Advertising online remains the heir apparent to the future of marketing, and what once was cloudy, is starting to clear. Companies such as Google have vastly increased their metric capabilities, providing companies shelling out advertising some much-needed information. However, when you’re advertising as part of your recruitment strategies, there are other important considerations.
The most important thing to remember is that an online hiring campaign isn’t strictly a game of numbers. You’ve furthering your employer brand. You’re increasing engagement. You’re disseminating information about your place of business. To evaluate effectiveness, you need to look at traditional online metrics including page views, landing page visits (if you’ve set up your system that way), and fan/follower counts. Actual conversions or hires remains a solid method to determine whether your campaign is working or not.
New, Web 2.0-savvy ways of tracking your hiring efforts include counting the frequency of re-tweets and searching out mentions of your campaign in other “new media” sources such as blogs and on personal posts. Using traditional and emerging metrics, evaluating your campaign makes a shift from quantitative to qualitative, but is still a very real and obtainable goal.
Signing off for now,
Chances are, you’ve seen it already: The Facebook Timeline, a radical departure from the traditional social media giant’s GUI and a re-imagining of the way user events and happenings are portrayed. Stated simply, the Facebook Timeline looks to display user information in a more editorial, time-based manner, with more of an emphasis on blocks of data rather than lines of text. It’s a move not unsimilar to smart phones and the blockish, scroll-heavy way they display information.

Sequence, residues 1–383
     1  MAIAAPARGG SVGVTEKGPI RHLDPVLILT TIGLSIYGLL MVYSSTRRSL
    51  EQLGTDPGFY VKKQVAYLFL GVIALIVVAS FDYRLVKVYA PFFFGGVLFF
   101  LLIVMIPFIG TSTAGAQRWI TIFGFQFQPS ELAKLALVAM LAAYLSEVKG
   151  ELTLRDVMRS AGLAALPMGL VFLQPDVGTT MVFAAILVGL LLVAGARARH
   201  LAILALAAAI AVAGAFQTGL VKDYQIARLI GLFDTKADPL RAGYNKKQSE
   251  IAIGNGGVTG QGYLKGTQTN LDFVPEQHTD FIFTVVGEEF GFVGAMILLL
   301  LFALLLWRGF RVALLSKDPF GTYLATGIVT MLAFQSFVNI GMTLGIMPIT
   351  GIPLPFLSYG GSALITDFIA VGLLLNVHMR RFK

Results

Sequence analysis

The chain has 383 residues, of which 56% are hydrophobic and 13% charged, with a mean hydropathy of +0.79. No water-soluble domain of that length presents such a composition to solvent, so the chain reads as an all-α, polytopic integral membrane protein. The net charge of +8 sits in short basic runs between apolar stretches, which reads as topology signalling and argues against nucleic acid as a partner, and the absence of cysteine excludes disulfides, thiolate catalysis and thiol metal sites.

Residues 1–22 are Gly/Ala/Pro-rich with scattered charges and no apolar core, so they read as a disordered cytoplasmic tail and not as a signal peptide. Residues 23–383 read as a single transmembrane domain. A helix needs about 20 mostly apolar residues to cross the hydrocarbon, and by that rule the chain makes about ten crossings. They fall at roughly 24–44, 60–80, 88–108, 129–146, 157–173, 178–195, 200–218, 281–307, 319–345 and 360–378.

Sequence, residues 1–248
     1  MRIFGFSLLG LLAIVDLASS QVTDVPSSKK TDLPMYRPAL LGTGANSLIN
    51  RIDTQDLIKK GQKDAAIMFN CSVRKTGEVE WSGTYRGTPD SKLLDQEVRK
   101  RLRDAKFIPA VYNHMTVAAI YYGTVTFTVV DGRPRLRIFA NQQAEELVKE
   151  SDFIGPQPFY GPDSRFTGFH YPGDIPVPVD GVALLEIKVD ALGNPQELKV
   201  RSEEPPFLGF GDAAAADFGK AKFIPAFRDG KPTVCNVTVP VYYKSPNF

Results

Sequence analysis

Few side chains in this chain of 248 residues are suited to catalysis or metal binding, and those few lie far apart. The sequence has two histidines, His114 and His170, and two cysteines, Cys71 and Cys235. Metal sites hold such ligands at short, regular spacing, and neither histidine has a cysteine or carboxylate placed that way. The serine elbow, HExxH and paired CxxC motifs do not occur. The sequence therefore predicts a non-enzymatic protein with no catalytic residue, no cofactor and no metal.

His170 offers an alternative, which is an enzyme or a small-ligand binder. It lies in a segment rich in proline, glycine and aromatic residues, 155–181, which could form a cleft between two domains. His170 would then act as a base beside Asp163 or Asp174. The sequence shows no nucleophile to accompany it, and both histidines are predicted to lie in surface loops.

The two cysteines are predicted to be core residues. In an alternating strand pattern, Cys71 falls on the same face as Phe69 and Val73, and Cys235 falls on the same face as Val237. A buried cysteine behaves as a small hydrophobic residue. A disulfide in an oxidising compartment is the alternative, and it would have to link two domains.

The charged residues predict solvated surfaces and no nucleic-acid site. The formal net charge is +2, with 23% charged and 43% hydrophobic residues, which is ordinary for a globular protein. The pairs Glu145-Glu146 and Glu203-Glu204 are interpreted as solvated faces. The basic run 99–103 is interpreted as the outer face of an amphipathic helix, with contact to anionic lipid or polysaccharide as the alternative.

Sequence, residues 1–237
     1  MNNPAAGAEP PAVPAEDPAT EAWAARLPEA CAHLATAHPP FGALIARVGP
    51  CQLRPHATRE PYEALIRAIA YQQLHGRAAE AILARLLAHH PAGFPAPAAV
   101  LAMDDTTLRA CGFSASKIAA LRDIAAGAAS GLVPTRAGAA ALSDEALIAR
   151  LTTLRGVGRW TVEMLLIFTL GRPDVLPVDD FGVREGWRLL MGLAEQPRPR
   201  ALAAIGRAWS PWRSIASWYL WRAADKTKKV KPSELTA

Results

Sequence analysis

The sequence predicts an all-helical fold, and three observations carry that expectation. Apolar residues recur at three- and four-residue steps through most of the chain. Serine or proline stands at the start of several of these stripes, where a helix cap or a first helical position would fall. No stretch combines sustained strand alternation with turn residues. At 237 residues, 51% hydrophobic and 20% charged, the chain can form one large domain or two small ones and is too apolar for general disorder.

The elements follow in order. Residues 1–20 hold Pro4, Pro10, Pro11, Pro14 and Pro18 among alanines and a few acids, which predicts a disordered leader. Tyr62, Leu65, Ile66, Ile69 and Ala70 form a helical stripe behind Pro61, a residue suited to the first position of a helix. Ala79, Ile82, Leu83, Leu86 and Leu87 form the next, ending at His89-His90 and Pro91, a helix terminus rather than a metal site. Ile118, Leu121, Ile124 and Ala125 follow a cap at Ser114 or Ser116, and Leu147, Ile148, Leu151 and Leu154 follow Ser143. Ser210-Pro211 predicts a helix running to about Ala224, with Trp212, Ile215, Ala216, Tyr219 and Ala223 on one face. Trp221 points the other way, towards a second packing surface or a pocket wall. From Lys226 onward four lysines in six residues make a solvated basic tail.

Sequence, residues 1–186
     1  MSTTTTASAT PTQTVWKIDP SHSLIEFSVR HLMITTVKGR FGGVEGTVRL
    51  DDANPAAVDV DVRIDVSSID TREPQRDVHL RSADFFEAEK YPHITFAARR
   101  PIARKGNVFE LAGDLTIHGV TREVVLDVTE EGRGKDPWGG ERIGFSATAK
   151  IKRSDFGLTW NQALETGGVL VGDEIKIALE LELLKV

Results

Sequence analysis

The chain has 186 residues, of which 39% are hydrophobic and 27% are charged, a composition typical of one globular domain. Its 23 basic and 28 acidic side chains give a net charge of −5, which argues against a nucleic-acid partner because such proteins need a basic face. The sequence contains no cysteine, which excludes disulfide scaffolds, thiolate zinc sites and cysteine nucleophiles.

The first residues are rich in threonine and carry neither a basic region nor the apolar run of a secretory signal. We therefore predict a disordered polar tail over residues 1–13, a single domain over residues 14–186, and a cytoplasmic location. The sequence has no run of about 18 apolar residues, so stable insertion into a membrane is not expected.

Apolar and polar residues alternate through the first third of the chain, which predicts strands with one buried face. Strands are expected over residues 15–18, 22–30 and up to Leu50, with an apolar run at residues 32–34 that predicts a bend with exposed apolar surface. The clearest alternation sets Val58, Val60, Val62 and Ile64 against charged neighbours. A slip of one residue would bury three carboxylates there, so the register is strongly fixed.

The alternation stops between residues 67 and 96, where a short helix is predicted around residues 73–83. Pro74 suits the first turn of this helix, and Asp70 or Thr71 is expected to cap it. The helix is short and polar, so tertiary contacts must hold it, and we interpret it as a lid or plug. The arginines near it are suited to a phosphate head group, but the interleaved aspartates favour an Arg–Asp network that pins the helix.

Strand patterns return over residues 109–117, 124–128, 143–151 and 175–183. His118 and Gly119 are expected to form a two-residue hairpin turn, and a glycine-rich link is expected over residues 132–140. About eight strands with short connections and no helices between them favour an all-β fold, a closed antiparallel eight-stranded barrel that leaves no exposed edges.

But that’s all beside the point. Here’s the deal: whether you like it or not, Facebook is switching all users and business pages over to Facebook Timeline on March 30th. No more “classic”, no matter how much you may have enjoyed it.
This presents a problem. While it may be a superior interface (or not!), making the switch mandatory takes away the illusion of choice that many social media outlets present as their backbone. It’s also an obvious maneuver to directly compete against Google+’s format—a move that’s proving to be, perhaps, not all that necessary.
How big will the ripples of the changeover to on March 30th? And how do you feel about the new interface? Let us know in the comments below!
Until next time,
Big companies don’t necessarily translate into big social media followings. Sometimes, it seems like the best-laid plan result in a few followers on Twitter–and that’s if you’re lucky! As you tweet your little business heart out, here are four effective tactics to employ to rein in friends, followers, re-tweeters, and everything in between.
Make it diverse. By changing up the tone and subject matter of your posts, you’re proving that there’s an actual human behind your machines. That’s a good thing.
Keep it to 170 characters. No, really. Short-linking makes it very easy to gush about your latest product or service, but people read Twitter because they like brevity. Give the people what they want.
Re-tweeting isn’t cheating. While your Twitter account shouldn’t be a directory of other people’s offerings, don’t be afraid to re-tweet the latest buzz from another source.
Be interesting. Seems easy, but the art of pushing out interesting content for users to consume is, well, an art. Some companies never get it right. The ones that do enjoy more online sales and better candidate pools.
Until next time,
Influencing public opinion is oftentimes the lifeblood of small-, mid-, and large-sized businesses. And there’s no medium where this fact becomes more sharply crucial than media relations. What many public relations departments are learning is that social media, mobile applications, and “gamification” of a company’s more traditional assets can offer huge boosts to PR success. Here are a few emerging spaces for your public relations content to live—and how best to engage.
Pinterest – As one of the fastest-growing websites/platforms in history, Pinterest has assembled hundreds of thousands of fans, followers, and “pinners”. It’s a great time to engage these ready-made consumers of media by re-pinning messages and developing your own place on this gigantic virtual pin board.
Youtube – This media mogul has stumped many PR professionals for years. The trick to getting noticed is NOT to use your company’s video presence as a marketing platform, but rather to tell the human story behind your business. Evoke drama, get personal, and stay funny.
Twitter – The key to success in the Twitterverse: have an opinion. With scant few characters to punctuate your point, it’s up to you to figure out a way to connect with industry issues people really care about. Be specific and chatty—a high frequency of posts will keep you relevant.